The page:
PayPal and Square get buy ratings from Loop Capital. Here's the one two traders prefer

Two top digital payment plays are popping.

Shares of PayPal and Square closed nearly 2.5% and 3% higher on Tuesday, respectively, following a bullish call from Loop Capital Markets. The firm initiated coverage of both stocks with buy ratings, citing their recent outperformance and flagging "multi-faceted opportunity" in consumer and merchant markets as catalysts. Loop analysts wrote that PayPal was their "favorite name in our coverage universe."

PayPal is rated buy or overweight by nearly 84% of analysts with an average price target of $222, according to FactSet. The stock closed at $187.78 on Tuesday. Appetite for Square is more mixed, with about 43% of analysts rating it buy or overweight and an average $157.31 price target for the $155.59 stock.

With both stocks already up big this year — PayPal by almost 74% and Square by 148.5% — Loop has already missed a lot of the move, Mark Tepper, president and CEO of Strategic Wealth Partners, told CNBC's "Trading Nation" on Tuesday.

"The call seems to be a day late and a dollar short," Tepper said. "I feel like the easy money's already been made."

Even so, he remained bullish on the payment plays' long-term prospects, pointing to the rise of e-commerce, cashless payments and contactless transactions, all partially accelerated by consumers' psychological aversion to cash during the pandemic.

"Those trends are sticky," Tepper said. "Now, when it comes down to PayPal vs. Square, I prefer PayPal."

While Square may have more growth potential, the stock is "just too expensive" to justify buying at these levels, particularly considering the fact that 75% of its revenues still stem from in-store transactions, Tepper said.

"When I think of Square, I think of … the mom-and-pop shops that were hurt the most during this crisis" and other "banged-up" service businesses, he said. "I'd rather own the pure play on e-commerce — and e-commerce has almost doubled since the beginning of the crisis. And I also want the diversification of [business to business] and [business to consumer]. That's PayPal."

Tepper added that while he wishes his firm hadn't sold its position in PayPal on the stock's way up, it would need to fall into the $140s to consider getting back in.

"Look, this is going to be the first holiday shopping season during the pandemic and I think we all agree that most of that shopping's going to be done online. So, PayPal should do very well here," he said.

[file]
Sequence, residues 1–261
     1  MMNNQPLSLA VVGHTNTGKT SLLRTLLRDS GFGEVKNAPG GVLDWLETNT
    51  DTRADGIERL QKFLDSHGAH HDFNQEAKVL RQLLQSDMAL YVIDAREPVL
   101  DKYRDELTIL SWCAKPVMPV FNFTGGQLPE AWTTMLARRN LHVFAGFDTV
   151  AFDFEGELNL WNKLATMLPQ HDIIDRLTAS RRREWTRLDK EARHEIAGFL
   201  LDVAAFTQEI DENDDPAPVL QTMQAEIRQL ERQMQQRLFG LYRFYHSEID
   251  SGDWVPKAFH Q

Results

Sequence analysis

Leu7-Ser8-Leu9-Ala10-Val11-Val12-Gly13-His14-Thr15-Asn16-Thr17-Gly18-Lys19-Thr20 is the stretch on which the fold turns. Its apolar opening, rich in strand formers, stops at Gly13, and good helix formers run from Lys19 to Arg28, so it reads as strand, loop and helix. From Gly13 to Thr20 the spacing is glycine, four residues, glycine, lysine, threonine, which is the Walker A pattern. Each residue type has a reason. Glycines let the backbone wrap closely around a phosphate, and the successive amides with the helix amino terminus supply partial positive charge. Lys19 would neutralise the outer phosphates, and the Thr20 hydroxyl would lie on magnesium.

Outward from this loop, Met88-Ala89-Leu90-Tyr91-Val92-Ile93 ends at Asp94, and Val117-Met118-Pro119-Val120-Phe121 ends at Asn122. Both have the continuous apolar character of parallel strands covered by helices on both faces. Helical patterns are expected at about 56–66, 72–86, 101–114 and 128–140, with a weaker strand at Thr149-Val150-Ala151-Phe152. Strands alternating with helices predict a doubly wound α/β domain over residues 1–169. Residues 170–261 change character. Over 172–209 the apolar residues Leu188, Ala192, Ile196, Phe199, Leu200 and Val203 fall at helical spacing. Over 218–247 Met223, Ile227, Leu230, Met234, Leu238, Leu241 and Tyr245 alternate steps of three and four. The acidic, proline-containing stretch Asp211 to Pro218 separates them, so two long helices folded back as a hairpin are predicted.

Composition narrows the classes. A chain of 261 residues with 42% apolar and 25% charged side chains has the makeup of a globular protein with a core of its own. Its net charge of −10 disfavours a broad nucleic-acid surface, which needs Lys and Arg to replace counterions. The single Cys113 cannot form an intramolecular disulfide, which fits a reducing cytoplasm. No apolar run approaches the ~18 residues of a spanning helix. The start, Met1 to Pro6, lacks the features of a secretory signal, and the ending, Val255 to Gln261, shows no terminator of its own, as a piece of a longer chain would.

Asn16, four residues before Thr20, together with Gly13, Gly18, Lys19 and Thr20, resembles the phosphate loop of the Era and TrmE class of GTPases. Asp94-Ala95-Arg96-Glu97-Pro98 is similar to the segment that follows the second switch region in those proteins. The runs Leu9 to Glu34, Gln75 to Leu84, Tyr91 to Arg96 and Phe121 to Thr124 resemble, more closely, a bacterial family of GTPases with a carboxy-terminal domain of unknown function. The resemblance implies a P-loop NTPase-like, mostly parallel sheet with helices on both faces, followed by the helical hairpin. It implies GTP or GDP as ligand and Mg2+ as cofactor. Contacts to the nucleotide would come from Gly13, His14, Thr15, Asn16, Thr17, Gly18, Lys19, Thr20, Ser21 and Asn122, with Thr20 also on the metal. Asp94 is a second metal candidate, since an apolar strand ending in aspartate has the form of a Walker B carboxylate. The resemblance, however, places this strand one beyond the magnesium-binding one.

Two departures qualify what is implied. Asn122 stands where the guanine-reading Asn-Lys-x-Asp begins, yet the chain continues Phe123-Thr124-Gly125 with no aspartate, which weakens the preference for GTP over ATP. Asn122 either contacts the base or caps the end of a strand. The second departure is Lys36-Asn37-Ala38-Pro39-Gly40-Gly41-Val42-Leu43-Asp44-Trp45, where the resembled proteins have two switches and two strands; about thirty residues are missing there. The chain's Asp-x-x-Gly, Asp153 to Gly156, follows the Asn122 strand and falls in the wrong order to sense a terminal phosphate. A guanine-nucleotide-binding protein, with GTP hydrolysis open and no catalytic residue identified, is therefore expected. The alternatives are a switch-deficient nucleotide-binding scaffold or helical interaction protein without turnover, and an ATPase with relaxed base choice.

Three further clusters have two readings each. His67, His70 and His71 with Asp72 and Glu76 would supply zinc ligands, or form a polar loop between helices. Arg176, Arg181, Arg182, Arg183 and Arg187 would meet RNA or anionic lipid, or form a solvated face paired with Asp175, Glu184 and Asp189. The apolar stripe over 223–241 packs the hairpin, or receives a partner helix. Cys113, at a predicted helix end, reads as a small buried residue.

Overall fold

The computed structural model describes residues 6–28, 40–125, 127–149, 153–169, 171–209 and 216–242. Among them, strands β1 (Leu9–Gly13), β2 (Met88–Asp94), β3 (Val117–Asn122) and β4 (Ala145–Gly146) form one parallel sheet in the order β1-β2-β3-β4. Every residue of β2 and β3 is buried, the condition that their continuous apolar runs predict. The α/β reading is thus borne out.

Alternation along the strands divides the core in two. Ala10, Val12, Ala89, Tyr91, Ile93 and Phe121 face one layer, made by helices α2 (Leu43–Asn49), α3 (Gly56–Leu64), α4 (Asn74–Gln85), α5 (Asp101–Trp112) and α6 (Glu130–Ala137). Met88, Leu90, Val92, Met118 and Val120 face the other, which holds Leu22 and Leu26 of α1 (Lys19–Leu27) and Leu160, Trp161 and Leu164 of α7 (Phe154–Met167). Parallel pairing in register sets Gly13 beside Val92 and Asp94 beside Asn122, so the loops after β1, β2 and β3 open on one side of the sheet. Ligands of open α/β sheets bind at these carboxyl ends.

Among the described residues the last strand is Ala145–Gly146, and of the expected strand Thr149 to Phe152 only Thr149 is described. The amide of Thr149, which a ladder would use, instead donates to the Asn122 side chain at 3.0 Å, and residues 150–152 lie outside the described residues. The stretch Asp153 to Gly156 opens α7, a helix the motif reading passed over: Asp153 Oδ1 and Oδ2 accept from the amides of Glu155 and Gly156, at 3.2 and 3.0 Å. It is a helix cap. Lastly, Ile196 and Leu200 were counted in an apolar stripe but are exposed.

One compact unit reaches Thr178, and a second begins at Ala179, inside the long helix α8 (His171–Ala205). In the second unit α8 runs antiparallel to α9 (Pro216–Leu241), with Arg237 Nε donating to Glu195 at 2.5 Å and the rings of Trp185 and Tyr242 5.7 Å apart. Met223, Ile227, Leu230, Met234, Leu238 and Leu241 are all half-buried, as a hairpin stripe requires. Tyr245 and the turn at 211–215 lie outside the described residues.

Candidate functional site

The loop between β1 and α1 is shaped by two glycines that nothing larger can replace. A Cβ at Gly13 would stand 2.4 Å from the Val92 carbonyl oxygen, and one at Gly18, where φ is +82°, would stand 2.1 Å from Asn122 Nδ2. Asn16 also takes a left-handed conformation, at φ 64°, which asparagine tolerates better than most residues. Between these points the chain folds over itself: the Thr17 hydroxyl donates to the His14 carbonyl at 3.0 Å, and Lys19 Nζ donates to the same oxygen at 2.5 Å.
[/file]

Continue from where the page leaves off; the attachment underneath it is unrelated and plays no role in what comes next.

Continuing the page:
In the same "Trading Nation" interview, founder Todd Gordon agreed that PayPal was the better bet.

"To any viewers who don't have it, I like the pullback here and I actually would consider adding more," Gordon said, adding that a number of firms have raised their price targets on PayPal slightly in the last several weeks.

"If you want to take a look at the chart, we dropped below the 50-day moving average at 190, give or take, but the decline that we saw was only 19% compared to a 34% drop in early 2020, yet the [relative strength index] is retesting those support lows. That's encouraging," Gordon said.

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The index is a momentum indicator that tracks when a given stock is overbought or oversold. The above chart shows PayPal is more oversold than usual after its recent decline, which may signal the stock is headed for a bounce, according to Gordon.

"From a fundamental point of view, the sales and [earnings per share] are supposed to grow 20% next year," Gordon said. "So, PayPal's not just a Covid, work-at-home, stay-at-home name. They were increasing their payment volumes, which is a key indicator, even before Covid. They have a lot of fixed costs, so their free cash flow is free to grow to become a higher percent of their revenue. So, I like it."

Disclosure: Gordon owns shares of PayPal.


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